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Paoli Massacre: Part 1 of 7

Paoli Massacre
Courtesy National Center for the American Revolution/Valley Forge Historical Society
Detail of a painting of the Paoli Massacre

Midnight. Paoli. Hidden deep in a forest, homeboy Anthony Wayne, a 32-year-old Division leader, plans a surprise attack on the rear column of the British army. Around him, shadowy campfires dimly illuminate a meadow encampment of 1,500 soldiers under his command. Some troops are warming themselves in the chill first minutes of September 21; others are asleep in crude huts or "wigwams." Wayne, who is virtually camped in his own backyard, oversees the careful wrapping of precious ammunition and reviews plans for his assault which is scheduled to commence in a few hours.

Brigadier General Wayne knew the area around Paoli well — he had grown up here. The encampment was located less than four miles from his birthplace and present home. As a youngster he had played war in the hills and hunted in the forests. Now he was a promising officer with intimate knowledge of the local terrain and roads. As such, Washington had given him a special mission: a surprise sortie into the nearby British rear column or a lightning raid aimed at the Redcoats' baggage trains.

But disturbing reports had been trickling in throughout the night that the British themselves were planning a surprise attack.

The hunter was about to become the game.

Morning of the Massacre

At dawn on the morning of the 20th, Wayne wrote the following harried message to Washington: "There never was, nor never will be, a finer opportunity of giving the enemy a fatal blow than the present — for God's sake push on as fast as possible." Anxious to attack, Wayne did not wait for Washington to return from his ammunition-gathering mission. Instead, he marched his troops toward the British camp in Tredyffrin. He had hoped to find the enemy on the move, making it easier to attack their column from the rear. But hope soon turned to disappointment. Wayne observed, "When we arrived within a half mile of their encampment [we] found they had not stirred but lay too compact to admit attack with prudence."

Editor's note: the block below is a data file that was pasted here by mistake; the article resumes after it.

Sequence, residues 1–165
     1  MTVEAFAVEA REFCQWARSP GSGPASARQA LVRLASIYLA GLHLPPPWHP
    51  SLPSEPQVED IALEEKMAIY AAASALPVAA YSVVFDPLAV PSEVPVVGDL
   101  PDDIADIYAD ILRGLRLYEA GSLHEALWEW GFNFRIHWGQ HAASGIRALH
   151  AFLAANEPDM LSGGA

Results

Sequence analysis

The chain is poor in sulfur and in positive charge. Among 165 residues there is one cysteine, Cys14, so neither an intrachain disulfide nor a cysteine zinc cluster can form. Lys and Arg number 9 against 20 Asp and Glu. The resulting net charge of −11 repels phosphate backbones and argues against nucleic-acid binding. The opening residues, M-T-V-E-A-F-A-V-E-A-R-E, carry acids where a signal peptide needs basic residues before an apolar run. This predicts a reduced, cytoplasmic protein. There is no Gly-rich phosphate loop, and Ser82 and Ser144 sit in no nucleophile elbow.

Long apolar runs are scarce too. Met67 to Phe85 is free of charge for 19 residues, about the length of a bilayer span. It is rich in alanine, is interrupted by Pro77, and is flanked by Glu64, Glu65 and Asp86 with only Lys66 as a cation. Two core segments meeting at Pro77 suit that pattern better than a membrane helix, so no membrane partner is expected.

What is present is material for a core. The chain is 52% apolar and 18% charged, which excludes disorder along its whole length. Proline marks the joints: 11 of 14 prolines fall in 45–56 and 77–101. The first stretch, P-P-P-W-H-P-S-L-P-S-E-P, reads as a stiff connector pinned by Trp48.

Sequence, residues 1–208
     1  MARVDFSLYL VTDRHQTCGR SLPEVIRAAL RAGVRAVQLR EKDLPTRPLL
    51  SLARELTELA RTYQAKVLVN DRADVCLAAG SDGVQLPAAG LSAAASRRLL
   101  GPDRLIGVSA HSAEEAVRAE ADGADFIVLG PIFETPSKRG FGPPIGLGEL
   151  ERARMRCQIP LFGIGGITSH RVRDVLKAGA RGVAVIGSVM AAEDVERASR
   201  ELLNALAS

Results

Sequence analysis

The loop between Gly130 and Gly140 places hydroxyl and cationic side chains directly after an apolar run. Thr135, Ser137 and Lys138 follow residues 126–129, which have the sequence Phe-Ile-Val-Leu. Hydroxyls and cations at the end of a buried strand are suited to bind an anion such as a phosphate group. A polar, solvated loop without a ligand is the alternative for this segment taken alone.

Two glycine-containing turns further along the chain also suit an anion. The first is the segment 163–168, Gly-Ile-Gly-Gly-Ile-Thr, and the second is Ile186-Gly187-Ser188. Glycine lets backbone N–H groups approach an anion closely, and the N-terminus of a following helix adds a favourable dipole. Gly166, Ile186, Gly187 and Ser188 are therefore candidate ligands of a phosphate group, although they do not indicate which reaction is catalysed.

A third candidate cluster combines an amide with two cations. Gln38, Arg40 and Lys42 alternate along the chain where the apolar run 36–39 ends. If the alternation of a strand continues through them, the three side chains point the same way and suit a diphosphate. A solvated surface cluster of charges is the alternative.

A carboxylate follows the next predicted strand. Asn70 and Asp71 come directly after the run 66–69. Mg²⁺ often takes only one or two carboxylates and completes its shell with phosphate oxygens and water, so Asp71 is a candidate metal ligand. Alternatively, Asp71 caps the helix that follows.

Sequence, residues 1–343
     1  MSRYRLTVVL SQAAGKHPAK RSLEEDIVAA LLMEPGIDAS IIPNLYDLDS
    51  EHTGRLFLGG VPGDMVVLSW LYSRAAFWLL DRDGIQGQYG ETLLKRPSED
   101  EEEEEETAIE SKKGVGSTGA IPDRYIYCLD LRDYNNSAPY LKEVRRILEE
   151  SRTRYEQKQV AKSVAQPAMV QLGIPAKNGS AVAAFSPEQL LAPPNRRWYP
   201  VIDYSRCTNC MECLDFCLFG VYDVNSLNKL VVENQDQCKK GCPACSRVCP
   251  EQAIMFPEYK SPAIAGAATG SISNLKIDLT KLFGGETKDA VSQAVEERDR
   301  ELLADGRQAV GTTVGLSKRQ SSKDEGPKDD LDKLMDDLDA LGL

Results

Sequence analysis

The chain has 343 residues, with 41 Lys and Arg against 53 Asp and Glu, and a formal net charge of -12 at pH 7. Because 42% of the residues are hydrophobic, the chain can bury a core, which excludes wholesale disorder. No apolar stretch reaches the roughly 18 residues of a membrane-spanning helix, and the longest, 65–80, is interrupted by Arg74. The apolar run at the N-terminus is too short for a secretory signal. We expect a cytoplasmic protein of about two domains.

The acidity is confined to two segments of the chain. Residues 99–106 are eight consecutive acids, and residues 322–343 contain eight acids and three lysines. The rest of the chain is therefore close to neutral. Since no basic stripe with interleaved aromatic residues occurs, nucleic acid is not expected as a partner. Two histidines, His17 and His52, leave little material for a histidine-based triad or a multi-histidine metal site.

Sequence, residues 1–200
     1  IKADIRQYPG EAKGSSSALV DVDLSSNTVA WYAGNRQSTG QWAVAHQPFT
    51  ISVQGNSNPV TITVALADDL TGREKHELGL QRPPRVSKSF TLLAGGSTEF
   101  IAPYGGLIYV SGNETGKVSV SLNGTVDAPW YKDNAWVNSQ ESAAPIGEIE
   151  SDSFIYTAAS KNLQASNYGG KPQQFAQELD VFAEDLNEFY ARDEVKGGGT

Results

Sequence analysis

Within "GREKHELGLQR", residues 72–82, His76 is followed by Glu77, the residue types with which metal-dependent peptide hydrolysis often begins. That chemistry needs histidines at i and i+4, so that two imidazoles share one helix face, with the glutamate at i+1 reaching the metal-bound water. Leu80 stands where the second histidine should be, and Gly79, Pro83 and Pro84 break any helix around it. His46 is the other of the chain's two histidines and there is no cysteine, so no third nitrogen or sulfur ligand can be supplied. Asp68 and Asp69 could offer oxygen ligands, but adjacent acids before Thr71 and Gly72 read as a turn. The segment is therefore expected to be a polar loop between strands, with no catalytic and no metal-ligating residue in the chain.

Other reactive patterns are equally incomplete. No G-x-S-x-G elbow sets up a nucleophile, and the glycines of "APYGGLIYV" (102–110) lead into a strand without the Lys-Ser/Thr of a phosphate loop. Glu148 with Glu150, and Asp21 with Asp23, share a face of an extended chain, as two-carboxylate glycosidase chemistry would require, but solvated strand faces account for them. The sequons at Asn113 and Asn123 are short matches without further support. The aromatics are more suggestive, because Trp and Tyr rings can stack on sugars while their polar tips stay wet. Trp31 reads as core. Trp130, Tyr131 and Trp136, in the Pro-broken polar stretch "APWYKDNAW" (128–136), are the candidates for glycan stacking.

Wayne withdrew to a secluded camp two miles southwest of Paoli to await reinforcements, particularly Maxwell's command. Unbeknownst to Wayne, Washington had ordered Maxwell to the opposite side of the Schuylkill. Worse yet, Washington, after gathering new ammunition, made for Parker's Ford on the opposite side of the river. Perhaps worst of all, British patrols had intercepted several of Washington's dispatches which tipped Howe off to Wayne's whereabouts and plans. Though this game of cat-and-mouse was being played out virtually in Wayne's backyard, the British and their network of spies were getting far the better of it.

Howe Plans a Massacre

Once General Howe ascertained Wayne's position, he concocted a plan. First, rumors were floated that an attack of Philadelphia was imminent. Here British Captain John Andre takes up the story:

Intelligence having been received of the situation of General Wayne and his design of attacking our rear, a plan was concerted for surprising him, and its execution was entrusted to Major General Grey.
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